A former member of the European Central Bank's executive board recently gave a grim assessment about the global economy. He declared, "We really don't understand what's happening in advanced economies."
Since the financial crisis of 2008, many of the world's developed countries have been trapped in a period of slow growth, and the current remedies don't appear to be working. With America's growth anemic and Europe's economy contracting it has fallen to other countries to find a solution to this crisis, and currently the developed country with the most ambitious plan is Japan.
Under Prime Minister Shinzo Abe, Japan has embarked on a bold policy of reform referred to as "Abenomics." The goal of Abenomics is nothing less the complete reversal of the decades of slow growth and deflation that have afflicted Japan since its economy crashed in 1991.
Abe describes the three pillars of his policy as: "bold monetary policy, flexible fiscal policy and a growth strategy that encourages private investment" In other words, using every single possible policy avenue to stimulate the economy in the short term, and to try and change the structural factors that reverse Japan's low growth in the long-term.
Japan has many underlying problems to tackle. Abe wants more women in the workforce, and he wants various industries to be liberalized and opened to competition. He is even considering the possibility of exposing Japan's politically powerful and subsidized farmers to international competition.
But the most significant of part of Abenomics that Americans should pay close attention to is the monetary policy. Under the direction of Haruhiko Kuroda the Bank of Japan has embarked on an aggressive monetary expansion, arguably the most expansionist among the developed countries.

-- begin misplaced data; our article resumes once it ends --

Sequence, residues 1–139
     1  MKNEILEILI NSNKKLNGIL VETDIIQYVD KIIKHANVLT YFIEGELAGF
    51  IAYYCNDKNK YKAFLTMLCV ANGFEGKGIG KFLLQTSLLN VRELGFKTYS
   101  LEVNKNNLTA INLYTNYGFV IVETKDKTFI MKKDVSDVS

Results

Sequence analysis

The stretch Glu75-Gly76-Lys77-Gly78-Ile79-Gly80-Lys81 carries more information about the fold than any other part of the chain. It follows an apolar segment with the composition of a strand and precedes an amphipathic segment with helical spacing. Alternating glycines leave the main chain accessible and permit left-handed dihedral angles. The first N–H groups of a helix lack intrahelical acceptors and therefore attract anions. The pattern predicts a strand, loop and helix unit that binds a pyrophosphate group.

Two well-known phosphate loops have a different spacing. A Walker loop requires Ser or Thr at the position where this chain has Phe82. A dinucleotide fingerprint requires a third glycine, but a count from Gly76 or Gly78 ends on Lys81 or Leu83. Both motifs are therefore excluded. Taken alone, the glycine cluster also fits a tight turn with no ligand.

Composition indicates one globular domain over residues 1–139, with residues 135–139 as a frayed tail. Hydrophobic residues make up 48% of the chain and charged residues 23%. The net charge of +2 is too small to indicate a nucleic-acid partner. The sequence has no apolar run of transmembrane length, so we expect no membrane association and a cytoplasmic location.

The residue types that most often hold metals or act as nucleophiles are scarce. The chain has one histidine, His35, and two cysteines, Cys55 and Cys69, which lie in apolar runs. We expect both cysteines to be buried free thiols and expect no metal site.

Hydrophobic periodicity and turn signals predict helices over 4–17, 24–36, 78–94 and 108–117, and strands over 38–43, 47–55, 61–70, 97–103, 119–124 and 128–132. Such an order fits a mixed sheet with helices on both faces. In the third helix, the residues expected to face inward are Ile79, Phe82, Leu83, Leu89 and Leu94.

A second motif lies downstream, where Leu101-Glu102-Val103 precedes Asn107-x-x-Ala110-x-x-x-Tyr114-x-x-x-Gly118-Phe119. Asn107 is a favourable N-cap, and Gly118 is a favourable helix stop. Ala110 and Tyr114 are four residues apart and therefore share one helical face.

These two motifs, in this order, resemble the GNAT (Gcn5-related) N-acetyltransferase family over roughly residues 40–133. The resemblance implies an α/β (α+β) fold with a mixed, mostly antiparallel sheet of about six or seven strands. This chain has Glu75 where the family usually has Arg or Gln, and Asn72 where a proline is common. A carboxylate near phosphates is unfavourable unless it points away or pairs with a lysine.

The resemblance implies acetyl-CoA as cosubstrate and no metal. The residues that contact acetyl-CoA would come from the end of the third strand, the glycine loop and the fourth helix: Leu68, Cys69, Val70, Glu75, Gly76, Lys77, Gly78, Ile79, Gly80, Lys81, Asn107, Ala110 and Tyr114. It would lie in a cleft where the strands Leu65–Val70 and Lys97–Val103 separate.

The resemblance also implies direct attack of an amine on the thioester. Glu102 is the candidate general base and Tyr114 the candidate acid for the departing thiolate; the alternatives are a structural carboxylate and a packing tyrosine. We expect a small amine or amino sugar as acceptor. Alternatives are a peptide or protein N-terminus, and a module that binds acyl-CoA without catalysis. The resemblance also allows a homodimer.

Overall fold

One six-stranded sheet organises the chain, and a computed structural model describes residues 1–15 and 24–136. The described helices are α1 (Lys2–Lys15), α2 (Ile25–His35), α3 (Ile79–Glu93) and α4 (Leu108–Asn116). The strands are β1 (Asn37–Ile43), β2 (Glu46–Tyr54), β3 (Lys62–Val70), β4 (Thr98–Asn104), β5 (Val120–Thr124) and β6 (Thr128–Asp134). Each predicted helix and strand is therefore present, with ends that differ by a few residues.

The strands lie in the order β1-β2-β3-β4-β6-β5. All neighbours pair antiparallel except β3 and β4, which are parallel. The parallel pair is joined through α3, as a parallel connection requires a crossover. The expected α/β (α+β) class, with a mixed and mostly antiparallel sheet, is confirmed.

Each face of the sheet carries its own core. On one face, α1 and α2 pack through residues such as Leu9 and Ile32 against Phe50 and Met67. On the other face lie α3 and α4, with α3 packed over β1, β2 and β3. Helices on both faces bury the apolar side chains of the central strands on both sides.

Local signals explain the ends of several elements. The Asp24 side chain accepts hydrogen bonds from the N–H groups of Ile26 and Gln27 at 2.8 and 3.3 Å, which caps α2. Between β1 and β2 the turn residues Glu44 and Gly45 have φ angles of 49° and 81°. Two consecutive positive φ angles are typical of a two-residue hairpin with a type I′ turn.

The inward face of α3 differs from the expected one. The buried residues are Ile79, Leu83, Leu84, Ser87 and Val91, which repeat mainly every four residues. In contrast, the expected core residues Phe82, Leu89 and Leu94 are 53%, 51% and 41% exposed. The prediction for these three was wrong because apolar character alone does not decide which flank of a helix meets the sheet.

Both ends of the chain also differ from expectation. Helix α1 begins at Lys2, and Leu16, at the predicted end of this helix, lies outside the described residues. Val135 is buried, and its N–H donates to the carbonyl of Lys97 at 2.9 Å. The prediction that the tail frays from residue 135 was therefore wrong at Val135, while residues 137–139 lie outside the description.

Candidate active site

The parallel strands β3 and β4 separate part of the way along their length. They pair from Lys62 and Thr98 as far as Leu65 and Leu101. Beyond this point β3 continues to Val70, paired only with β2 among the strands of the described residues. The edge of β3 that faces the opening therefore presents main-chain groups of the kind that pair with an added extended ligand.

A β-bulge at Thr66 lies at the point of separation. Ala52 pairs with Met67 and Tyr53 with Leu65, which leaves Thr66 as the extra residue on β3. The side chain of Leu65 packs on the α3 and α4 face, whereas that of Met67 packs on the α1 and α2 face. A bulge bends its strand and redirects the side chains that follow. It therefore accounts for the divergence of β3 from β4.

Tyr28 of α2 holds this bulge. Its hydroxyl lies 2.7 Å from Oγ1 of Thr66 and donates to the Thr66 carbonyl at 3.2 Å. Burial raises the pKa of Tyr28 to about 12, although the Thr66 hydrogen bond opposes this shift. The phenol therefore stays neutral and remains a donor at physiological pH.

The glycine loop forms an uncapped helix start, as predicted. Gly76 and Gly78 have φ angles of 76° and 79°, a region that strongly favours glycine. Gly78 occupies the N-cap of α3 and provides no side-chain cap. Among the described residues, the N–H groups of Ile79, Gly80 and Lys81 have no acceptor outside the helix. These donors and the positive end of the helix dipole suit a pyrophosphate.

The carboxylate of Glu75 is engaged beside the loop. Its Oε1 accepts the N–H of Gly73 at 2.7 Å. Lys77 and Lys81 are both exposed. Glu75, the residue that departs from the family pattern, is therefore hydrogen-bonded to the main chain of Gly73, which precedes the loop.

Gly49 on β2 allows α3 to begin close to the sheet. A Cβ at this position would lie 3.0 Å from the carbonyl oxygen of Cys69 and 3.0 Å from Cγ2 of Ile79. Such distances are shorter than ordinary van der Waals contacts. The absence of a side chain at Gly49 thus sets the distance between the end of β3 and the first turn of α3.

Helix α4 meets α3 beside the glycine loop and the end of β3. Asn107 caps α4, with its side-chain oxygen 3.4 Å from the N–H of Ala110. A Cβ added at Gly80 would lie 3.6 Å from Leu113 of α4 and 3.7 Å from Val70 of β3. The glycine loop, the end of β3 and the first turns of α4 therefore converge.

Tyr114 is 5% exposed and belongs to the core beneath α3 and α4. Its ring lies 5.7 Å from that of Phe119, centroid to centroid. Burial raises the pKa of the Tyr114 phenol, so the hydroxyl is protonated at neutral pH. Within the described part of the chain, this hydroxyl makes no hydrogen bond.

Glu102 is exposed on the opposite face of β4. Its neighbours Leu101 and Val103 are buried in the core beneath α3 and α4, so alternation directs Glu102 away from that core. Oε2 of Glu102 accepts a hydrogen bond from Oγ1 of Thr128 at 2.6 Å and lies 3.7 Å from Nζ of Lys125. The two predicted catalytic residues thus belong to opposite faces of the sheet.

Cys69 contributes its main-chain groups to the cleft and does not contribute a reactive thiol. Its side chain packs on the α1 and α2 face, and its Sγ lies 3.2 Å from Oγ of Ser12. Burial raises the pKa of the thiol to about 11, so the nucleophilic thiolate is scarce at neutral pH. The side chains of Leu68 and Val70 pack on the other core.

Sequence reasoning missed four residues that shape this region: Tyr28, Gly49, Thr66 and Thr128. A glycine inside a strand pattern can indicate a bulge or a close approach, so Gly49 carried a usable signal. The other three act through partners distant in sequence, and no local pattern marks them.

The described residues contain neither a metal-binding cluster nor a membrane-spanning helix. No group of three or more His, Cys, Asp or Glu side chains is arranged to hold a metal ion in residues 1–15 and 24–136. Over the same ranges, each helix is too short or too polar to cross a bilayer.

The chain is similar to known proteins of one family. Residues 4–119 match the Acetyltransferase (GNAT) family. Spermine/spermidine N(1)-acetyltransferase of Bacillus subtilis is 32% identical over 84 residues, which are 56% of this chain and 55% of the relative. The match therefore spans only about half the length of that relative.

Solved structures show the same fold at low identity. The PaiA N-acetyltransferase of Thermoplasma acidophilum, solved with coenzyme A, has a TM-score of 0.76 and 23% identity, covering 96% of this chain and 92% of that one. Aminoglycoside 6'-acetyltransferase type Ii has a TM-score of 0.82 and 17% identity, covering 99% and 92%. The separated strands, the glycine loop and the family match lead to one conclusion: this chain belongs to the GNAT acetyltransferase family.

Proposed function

The Bank of Japan has committed itself to inflation. It has a publicly stated inflation target of 2 percent, will be buying $78 billion worth of government bonds each month, and will make additional asset purchases as well. If the Bank of Japan is successful, there should be significant inflation.
If those policies will not work, than the Bank of Japan will boldly try and find some other way to achieve its goals. The U.S. Federal Reserve has a similar commitment to 2 percent inflation in the long term, but is much less openly ambitious than its Japanese counterpart.
The hope is that a cheaper Yen will make exports more valuable, loans more appealing, and encourage domestic spending. So far the market has shown signs of confidence in the policy. The value of the yen is falling exactly as planned, and Japanese stocks on the Nikkei are doing very well. As a result, Abe and his government are now remarkably popular; the Japanese population is usually apathetic but it is giving a stunning 76 percent approval rating to Abe's government.
There are potential pitfalls ahead: Changes in monetary policy might ultimately be easier to achieve than changes in Japan's bigger structural problems, and Abe's nationalism does risk antagonizing nearby nations.
But if Abenomics succeed then the lesson for Americans will be that the aggressive monetary policy can work if it is bold and if it given space to operate. The U.S. Federal Reserve has conducted its own quantitative easing policies, but they are not strongly supported by many U.S. politicians. There is a pathological fear that anything which weakens the value of a currency or which might be inflationary can't have any positive outcomes. Japan might just prove that this is not the case.